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Wednesday, 17 October 2012


We left England on a cool, grey Sunday. The preceding days had been spent at anchor off Trefusis point revisiting Falmouth and old friends. We had taken “Oryx” out for a sail on the Saturday,trying the self steering for the first time. It worked perfectly and Pete set it to work as soon as we were clear of the coast. The wind was west south west and we were doing 8 knots comfortably with a reef in both sails. Pete chose the first watch at night as we were nearing the shipping lane. The wind grew gradually less and during my second watch I was forced to call Pete after only an hour, because there was absolutely no wind and mist had reduced the visibility to a mile or so. Our new AIS system sent chills of alarm through me, there were many ships about, but I could see only two!The mist was thick and hung above the water in a pall of soft grey.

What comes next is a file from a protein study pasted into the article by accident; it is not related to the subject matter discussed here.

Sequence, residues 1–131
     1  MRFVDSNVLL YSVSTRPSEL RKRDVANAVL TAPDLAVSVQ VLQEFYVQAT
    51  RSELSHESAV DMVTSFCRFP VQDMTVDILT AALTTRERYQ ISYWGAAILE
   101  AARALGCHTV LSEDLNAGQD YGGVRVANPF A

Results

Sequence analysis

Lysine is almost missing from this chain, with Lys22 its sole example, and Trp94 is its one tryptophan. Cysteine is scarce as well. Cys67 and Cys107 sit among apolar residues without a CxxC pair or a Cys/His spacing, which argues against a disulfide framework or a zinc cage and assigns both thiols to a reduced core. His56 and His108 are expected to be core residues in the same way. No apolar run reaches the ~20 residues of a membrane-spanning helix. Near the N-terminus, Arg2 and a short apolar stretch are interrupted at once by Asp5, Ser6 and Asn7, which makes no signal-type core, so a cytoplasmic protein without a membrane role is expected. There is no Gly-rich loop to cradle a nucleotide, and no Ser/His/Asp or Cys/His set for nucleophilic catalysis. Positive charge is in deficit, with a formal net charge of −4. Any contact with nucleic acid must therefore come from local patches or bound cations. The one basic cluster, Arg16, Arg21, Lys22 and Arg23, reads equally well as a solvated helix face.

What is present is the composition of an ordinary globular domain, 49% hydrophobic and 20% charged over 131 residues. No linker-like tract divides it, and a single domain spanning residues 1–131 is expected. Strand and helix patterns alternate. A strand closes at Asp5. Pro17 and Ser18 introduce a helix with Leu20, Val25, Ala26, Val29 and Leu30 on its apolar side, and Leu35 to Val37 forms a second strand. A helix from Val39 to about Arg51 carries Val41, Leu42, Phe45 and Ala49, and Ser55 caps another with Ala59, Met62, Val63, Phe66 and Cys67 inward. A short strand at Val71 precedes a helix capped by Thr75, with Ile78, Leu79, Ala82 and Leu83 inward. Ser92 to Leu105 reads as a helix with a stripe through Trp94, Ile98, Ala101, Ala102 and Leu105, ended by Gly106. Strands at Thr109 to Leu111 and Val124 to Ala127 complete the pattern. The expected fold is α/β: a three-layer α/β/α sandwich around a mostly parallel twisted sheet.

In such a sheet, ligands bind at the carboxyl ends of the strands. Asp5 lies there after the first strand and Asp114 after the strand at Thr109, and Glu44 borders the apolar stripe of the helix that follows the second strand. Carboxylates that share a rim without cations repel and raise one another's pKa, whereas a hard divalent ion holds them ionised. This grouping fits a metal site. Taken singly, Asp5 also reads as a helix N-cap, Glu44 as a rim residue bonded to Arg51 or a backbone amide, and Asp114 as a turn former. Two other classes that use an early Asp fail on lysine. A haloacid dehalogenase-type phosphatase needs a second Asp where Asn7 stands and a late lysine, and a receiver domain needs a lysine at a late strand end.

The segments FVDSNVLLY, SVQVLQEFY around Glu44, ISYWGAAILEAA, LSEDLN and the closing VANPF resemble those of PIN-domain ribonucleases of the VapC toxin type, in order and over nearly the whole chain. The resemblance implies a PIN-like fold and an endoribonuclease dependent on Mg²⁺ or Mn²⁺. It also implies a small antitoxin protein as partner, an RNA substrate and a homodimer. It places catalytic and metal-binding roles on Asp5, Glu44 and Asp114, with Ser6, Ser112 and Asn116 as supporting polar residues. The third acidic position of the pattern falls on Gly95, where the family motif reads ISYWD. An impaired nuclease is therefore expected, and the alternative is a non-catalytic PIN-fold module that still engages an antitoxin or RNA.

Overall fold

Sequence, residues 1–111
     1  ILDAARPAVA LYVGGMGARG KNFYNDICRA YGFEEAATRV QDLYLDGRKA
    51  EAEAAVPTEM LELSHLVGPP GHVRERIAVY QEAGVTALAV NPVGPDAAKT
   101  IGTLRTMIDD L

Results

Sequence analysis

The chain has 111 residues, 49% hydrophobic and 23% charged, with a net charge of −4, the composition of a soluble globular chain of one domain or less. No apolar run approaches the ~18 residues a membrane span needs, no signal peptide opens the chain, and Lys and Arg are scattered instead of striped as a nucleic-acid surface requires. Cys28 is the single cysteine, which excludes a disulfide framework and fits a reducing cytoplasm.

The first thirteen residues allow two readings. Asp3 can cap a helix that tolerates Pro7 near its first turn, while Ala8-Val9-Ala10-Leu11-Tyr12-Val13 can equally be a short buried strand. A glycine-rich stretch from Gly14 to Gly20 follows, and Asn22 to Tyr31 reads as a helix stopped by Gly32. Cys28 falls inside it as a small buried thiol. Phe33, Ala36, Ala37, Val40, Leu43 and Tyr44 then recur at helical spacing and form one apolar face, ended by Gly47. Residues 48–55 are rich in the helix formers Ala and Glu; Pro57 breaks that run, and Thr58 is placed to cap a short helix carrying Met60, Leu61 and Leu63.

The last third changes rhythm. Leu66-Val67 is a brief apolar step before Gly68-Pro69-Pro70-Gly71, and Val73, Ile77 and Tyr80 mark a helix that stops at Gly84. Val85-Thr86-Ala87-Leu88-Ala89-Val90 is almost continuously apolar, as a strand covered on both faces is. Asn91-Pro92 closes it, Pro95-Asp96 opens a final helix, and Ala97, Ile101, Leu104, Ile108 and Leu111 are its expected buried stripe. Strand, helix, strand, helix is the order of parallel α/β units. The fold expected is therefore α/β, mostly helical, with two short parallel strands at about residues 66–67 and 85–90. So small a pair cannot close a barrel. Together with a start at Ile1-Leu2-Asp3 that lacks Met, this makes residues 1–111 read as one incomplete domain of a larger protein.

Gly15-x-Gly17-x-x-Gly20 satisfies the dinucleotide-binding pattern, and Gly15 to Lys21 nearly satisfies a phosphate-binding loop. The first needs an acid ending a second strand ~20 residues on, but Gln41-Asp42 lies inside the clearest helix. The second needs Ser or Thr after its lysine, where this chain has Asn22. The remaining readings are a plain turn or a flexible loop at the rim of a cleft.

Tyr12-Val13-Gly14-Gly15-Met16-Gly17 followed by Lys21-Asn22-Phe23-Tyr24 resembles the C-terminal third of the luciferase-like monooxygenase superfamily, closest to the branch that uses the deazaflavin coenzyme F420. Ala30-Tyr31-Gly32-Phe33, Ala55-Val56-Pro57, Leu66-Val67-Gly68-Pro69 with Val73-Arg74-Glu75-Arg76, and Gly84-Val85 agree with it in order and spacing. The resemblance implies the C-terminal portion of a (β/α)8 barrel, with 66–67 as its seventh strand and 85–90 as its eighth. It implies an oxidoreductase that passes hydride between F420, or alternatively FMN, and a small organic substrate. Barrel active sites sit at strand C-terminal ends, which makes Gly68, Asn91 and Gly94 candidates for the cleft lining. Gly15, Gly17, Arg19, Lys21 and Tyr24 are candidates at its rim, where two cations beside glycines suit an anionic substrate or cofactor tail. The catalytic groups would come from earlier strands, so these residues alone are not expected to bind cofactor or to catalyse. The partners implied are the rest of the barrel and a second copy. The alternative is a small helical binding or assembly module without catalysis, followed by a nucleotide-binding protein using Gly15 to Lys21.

"ORYX" anchored off Port le Stiff


 After dawn we were forced to use the engine as the tide had turned and we were drifting backwards, towards the busy shipping lane. We decided to change course to the island of Ouessant and anchored in Port Le Stiff. We spent a pleasant morning the next day walking to the further port of Lampaul and exploring the small island. There are ferries bringing visitors across even this late in the season and the place must team in the summer as there are literally hundreds of bikes to rent.


The afternoon brought the favourable tide and a good breeze and we sailed across the infamous Chenal du Four and entered the Goulet de Brest anchoring off the beach of Saint Ann, just outside the city of Brest.

 The next day we walked into the city along the coastal path, past the naval base with its U-boat pens dating back to Brest's occupation during the second world war. We cleared in with the immigration and then after shopping had our first impromptu picnic.